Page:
September 2011
Volume 11, Issue 11
Free
Vision Sciences Society Annual Meeting Abstract  |   September 2011
A computational feed-forward model predicts categorization of masked emotional body language for longer, but not for shorter latencies
Author Affiliations
  • Bernard Stienen
    Laboratory of Cognitive and Affective Neuroscience, Tilburg University, Tilburg, The Netherlands
  • Konrad Schindler
    Photogrammetry and Remote Sensing, Insititute of Geodesy and Photogrammetry, ETH Zurich, Switzerland
  • Beatrice de Gelder
    Laboratory of Cognitive and Affective Neuroscience, Tilburg University, Tilburg, The Netherlands
    Martinos Center for Biomedical Imaging, Massachusetts General Hospital and Harvard Medical School, Charlestown, Massachusetts, USA
Journal of Vision September 2011, Vol.11, 606. doi:10.1167/11.11.606
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      Bernard Stienen, Konrad Schindler, Beatrice de Gelder; A computational feed-forward model predicts categorization of masked emotional body language for longer, but not for shorter latencies. Journal of Vision 2011;11(11):606. doi: 10.1167/11.11.606.

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      © ARVO (1962-2015); The Authors (2016-present)

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Abstract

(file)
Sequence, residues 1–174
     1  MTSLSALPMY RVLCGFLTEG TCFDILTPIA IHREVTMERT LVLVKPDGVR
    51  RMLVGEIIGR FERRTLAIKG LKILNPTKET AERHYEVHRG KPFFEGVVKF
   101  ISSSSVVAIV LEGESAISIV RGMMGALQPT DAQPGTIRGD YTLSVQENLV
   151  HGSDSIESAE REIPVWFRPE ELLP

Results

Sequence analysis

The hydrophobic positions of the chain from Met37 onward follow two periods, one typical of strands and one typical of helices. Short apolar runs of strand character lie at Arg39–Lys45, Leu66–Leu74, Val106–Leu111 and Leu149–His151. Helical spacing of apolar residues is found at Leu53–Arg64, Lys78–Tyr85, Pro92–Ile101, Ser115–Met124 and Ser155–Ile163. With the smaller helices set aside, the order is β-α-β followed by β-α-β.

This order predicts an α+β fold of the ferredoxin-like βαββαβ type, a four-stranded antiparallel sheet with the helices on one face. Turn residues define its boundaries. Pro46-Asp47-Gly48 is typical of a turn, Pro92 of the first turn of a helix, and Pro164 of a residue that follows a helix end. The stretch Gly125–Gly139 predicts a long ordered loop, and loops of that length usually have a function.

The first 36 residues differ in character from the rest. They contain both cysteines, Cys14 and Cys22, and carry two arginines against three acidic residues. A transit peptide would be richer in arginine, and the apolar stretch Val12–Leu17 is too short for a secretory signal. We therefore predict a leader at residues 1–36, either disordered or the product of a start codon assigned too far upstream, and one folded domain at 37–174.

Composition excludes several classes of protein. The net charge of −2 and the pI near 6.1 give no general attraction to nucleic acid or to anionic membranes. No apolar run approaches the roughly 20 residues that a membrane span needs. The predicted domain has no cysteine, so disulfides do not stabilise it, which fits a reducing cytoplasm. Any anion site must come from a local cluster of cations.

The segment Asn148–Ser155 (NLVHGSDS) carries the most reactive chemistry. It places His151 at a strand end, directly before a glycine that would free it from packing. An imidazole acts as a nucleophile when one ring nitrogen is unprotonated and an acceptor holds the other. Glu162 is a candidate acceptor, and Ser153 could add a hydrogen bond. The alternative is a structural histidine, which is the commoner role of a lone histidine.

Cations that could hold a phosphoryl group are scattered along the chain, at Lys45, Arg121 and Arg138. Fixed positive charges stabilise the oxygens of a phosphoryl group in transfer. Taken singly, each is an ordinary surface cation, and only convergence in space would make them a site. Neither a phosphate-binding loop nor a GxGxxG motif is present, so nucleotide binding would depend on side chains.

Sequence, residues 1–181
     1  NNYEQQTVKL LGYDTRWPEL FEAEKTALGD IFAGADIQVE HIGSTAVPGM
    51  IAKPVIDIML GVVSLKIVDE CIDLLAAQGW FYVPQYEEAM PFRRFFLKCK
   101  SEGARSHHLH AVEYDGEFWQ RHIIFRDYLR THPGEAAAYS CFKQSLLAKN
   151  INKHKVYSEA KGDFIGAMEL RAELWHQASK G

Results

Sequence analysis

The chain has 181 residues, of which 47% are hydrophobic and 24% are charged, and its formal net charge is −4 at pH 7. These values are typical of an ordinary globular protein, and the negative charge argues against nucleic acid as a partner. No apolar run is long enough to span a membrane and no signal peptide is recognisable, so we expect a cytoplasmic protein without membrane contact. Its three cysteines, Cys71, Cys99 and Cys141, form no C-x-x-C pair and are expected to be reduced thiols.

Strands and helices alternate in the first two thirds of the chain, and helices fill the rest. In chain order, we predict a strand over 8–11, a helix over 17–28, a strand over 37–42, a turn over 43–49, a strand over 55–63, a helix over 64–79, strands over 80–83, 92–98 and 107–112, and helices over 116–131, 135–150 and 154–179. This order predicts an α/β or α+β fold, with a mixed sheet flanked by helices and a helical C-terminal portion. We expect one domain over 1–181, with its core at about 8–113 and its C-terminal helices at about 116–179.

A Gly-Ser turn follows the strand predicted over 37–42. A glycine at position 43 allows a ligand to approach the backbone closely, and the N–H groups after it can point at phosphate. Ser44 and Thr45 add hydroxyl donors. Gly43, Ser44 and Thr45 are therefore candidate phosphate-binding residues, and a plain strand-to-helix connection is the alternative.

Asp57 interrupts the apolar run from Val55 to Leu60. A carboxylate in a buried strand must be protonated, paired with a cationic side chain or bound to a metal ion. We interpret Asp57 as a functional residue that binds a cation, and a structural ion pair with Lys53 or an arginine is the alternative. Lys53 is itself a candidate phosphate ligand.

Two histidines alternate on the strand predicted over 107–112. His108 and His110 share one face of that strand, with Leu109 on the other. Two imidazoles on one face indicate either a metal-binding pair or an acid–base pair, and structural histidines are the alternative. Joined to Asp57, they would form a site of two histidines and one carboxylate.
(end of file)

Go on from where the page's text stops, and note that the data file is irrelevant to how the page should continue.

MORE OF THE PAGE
Schindler, van Gool and de Gelder (2008) showed that a computational neural model which exclusively modeled feed-forward processing and was engineered to fulfill the computational requirements of recognition was capable of categorizing a set of 7 different emotional bodily expressions in very much the same way as human observers did. However, since there was no time limit on the presentation time of the bodily expressions in the human categorization task it was likely that feedback processes were triggered. In this study the performance of the neural model is compared with the human performance when feedback processes are blocked by presenting participants with five masked emotional bodily expressions using a parametric backward masking procedure. These emotional expressions were fed into the model as well. Results show that the longer the SOA latency the closer the performance of the human subjects was to the predicted values by this model. On short SOA latencies, however, the human performance deteriorated, but the categorization of the emotional expressions was still above baseline. This shows that the model is very good at predicting the human performance, but that different processes seem to be playing a role when the visibility of the target is low and the subjects are confronted with emotional information. We concluded that either the feed-forward mechanism has not always sufficient time to efficiently categorize the stimulus (it maybe needs 100 or more milliseconds to work properly), or there is another mechanisms aiding the participant to classify the emotions. The latter could be hinting to the subcortico-cortical mechanism increasing the signal-to-noise ratio when feed-forward processes cannot be efficiently used.

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